Mikhail Khodorkovsky - former Yukos oil company CEO, widely assumed to be Russia's wealthiest tycoon by far.
At barely 40, he is credited with a personal fortune of $8bn - equivalent to the annual economic output of Iceland.
Mr Khodorkovsky began his career as a loyal Soviet-era Communist Party member. In 1987 - four years before the fall of the USSR - he founded what would become Menatep bank, in which he still has a large stake.
The Moscow native made his first millions in the early 1990s, when the bank acquired massive amounts of shares in companies that were privatised for bargain prices.
Mr Khodorkovsky bought Yukos at a state auction in 1995 at the knockdown price of $350m. He is thought to control 44% of the company's shares.
He was one of the first Russian tycoons to openly declare his fortune and took 26th place in Forbes magazine's list of 476 billionaires published in 2003.
Mr Khodorkovsky became a veritable example to the West, paying out dividends and running the most modern and transparent company in Russia. To get some idea of the company he used to keep, on the board of his charitable Open Russia foundation are names such as Kissinger and Rothschild.
But Mr Khodorkovsky, while he was being lionised in the West, was operating on various levels that apparently enraged those in the Kremlin who surround President Putin. Khodorkovsky was also supporting two political parties in opposition to Mr Putin, Yabloko and the Union of Rightist Forces (SPS); he has dared to say that the Russian Duma would be better off if two-thirds were independent of the Kremlin group.
Mr Khodorkovsky has been taken in for questioning twice in recent months in connection with allegations of fraud and tax evasion. The investigation began in July with the arrest of Platon Lebedev, a top Yukos shareholder, on charges of theft of state property during the 1994 privatisation of a fertiliser plant. That arrest was seen as a clear warning to Mr Khodorkovsky not to meddle in the December 2003 parliamentary elections.
Mr Khodorkovsky insisted that Yukos did not back any political group. However he has made no secret that he supports the liberal opposition to President Putin.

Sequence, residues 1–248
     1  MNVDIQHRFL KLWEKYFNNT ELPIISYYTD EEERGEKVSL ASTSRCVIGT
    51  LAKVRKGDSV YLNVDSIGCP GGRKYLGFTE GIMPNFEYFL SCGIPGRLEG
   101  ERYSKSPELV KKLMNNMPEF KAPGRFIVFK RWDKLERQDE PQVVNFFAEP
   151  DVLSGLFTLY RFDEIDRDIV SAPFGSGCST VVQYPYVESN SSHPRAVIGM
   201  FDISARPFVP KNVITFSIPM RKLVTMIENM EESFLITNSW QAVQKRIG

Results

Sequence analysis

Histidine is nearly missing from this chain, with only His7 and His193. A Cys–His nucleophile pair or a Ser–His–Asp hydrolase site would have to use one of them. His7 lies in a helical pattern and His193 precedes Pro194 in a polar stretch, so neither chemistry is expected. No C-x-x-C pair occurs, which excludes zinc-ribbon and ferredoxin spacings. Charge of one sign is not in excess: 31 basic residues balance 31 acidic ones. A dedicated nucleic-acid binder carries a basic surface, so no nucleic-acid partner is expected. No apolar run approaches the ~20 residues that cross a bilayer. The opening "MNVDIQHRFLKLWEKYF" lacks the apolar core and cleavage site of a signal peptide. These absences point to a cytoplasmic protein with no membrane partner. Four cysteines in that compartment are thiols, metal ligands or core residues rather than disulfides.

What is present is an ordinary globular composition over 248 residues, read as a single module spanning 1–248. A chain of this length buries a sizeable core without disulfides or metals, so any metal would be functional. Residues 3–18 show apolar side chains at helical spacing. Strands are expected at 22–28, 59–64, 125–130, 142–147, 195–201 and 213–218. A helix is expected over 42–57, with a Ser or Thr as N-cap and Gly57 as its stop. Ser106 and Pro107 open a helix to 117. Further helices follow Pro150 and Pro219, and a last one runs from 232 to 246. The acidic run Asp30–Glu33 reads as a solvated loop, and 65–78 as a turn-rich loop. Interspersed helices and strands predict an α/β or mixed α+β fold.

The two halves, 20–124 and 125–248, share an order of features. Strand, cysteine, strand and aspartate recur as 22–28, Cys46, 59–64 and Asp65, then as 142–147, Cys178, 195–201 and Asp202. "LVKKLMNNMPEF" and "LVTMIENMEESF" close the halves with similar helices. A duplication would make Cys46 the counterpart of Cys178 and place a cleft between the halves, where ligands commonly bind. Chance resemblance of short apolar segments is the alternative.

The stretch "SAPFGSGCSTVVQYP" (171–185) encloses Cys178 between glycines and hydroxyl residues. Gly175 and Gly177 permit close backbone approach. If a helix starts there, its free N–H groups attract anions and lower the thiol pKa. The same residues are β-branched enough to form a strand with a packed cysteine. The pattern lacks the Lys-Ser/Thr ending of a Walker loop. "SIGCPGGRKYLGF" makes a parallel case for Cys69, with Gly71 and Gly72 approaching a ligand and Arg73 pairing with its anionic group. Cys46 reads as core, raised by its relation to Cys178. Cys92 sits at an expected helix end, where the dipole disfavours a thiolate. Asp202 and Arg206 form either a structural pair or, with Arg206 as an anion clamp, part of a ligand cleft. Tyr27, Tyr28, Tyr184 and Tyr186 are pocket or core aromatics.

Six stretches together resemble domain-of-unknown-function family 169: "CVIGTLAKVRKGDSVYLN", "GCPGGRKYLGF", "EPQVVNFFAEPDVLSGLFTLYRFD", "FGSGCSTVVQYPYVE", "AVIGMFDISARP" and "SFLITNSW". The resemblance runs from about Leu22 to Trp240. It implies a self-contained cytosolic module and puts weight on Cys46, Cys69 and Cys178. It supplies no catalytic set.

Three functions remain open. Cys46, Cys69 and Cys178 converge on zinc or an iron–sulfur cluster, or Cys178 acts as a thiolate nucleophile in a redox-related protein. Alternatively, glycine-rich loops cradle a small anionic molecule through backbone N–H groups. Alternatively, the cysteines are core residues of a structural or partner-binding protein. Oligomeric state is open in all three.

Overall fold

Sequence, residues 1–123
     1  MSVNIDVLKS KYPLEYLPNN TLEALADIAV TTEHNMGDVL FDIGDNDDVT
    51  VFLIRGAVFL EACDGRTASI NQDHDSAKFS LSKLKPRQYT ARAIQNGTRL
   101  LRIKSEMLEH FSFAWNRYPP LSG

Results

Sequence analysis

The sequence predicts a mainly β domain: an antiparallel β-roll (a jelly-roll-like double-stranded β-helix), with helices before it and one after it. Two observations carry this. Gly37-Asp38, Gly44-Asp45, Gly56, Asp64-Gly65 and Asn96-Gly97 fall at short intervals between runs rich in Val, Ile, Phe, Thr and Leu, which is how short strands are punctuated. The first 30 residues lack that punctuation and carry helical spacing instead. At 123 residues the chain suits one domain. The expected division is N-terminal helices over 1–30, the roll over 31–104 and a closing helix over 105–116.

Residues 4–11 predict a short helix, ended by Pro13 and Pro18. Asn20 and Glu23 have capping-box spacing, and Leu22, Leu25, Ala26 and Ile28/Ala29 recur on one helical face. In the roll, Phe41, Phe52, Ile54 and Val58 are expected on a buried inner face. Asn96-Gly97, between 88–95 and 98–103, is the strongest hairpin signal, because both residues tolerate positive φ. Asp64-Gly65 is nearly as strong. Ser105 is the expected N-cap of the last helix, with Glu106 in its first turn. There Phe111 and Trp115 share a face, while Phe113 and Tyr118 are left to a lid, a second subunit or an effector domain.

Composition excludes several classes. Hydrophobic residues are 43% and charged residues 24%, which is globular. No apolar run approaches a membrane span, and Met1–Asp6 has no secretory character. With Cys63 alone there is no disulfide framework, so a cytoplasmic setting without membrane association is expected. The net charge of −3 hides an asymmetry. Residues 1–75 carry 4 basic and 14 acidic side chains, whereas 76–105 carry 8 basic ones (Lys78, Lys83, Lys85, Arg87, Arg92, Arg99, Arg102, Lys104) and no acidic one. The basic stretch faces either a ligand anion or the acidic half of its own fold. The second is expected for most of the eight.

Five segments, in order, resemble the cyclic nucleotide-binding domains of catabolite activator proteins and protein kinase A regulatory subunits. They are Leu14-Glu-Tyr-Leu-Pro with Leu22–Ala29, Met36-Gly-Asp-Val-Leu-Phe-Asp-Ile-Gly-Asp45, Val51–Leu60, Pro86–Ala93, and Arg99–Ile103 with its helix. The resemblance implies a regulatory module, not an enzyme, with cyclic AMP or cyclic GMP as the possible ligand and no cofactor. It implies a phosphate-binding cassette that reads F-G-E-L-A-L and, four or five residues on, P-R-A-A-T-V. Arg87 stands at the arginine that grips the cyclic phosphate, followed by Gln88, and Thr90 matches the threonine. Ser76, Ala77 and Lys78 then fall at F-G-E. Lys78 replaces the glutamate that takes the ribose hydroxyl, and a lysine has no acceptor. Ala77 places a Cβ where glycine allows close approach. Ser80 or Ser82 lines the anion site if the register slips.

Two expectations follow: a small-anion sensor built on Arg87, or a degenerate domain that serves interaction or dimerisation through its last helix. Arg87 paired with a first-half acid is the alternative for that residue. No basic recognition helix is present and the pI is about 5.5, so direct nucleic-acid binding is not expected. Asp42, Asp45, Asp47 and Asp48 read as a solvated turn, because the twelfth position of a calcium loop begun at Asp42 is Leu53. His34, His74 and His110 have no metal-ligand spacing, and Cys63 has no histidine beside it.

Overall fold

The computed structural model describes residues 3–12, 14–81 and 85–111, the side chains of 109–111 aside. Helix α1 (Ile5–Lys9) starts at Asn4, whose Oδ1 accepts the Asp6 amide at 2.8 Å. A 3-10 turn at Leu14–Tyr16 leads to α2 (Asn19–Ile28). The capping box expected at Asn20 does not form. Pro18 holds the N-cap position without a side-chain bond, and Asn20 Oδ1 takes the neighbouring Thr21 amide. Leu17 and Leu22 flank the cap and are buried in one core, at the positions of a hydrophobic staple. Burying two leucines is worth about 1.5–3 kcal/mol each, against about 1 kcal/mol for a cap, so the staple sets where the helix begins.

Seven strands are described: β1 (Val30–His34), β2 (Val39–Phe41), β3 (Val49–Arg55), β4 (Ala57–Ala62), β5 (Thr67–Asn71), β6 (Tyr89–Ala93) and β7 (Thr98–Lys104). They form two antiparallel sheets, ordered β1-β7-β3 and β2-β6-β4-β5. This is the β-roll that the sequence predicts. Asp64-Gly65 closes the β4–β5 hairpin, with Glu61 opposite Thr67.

In September 2003 he acquired the rights to publish the prestigious Moskovskiye Novosti newspaper, and hired a leading investigative journalist and Putin critic as editor.
But analysts say it is Mr Khodorkovsky's political activism, not his wealth, that seems to attracted the Kremlin's ire.
On October 25, 2003, Mikhail Khodorkovsky was arrested at a Siberian airport by agents of the security police (FSB). Mr Khodorkovsky was flown back to Moscow for questioning and charged with several offences, including tax evasion and defrauding the state out of $1bn. The same day a Moscow court has ordered the head of Yukos to be kept in prison.
Nine days later, on November 3, 2003, Mikhail Khodorkovsky has resigned as chief executive of Yukos. In a statement, he said his aim for the next few years had been to build Yukos into an international energy company.
"But the situation as it stands today compels me to give up plans for further personal participation in developing the YukosSibneft company," he said.
"As the leader of this company, I must do my utmost to lead our working team out from under the attack which has been directed against me and my partners."
Mr Khodorkovsky, currently awaiting trial in Moscow's Matrosskaya Tishina jail, said he planned to concentrate on charity work for the Open Russia Foundation - a body he founded to promote a transparent and democratic society in Russia.
"Wherever I work, I will dedicate all my energy to my country, Russia, in whose great future I firmly believe," he said.